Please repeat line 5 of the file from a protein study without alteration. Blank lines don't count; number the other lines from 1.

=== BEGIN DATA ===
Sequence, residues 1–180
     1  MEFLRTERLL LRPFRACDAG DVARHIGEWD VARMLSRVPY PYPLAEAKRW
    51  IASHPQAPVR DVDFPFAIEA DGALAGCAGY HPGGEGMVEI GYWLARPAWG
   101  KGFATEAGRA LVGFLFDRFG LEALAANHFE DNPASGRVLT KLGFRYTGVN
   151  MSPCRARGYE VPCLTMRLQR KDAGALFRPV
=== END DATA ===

   151  MSPCRARGYE VPCLTMRLQR KDAGALFRPV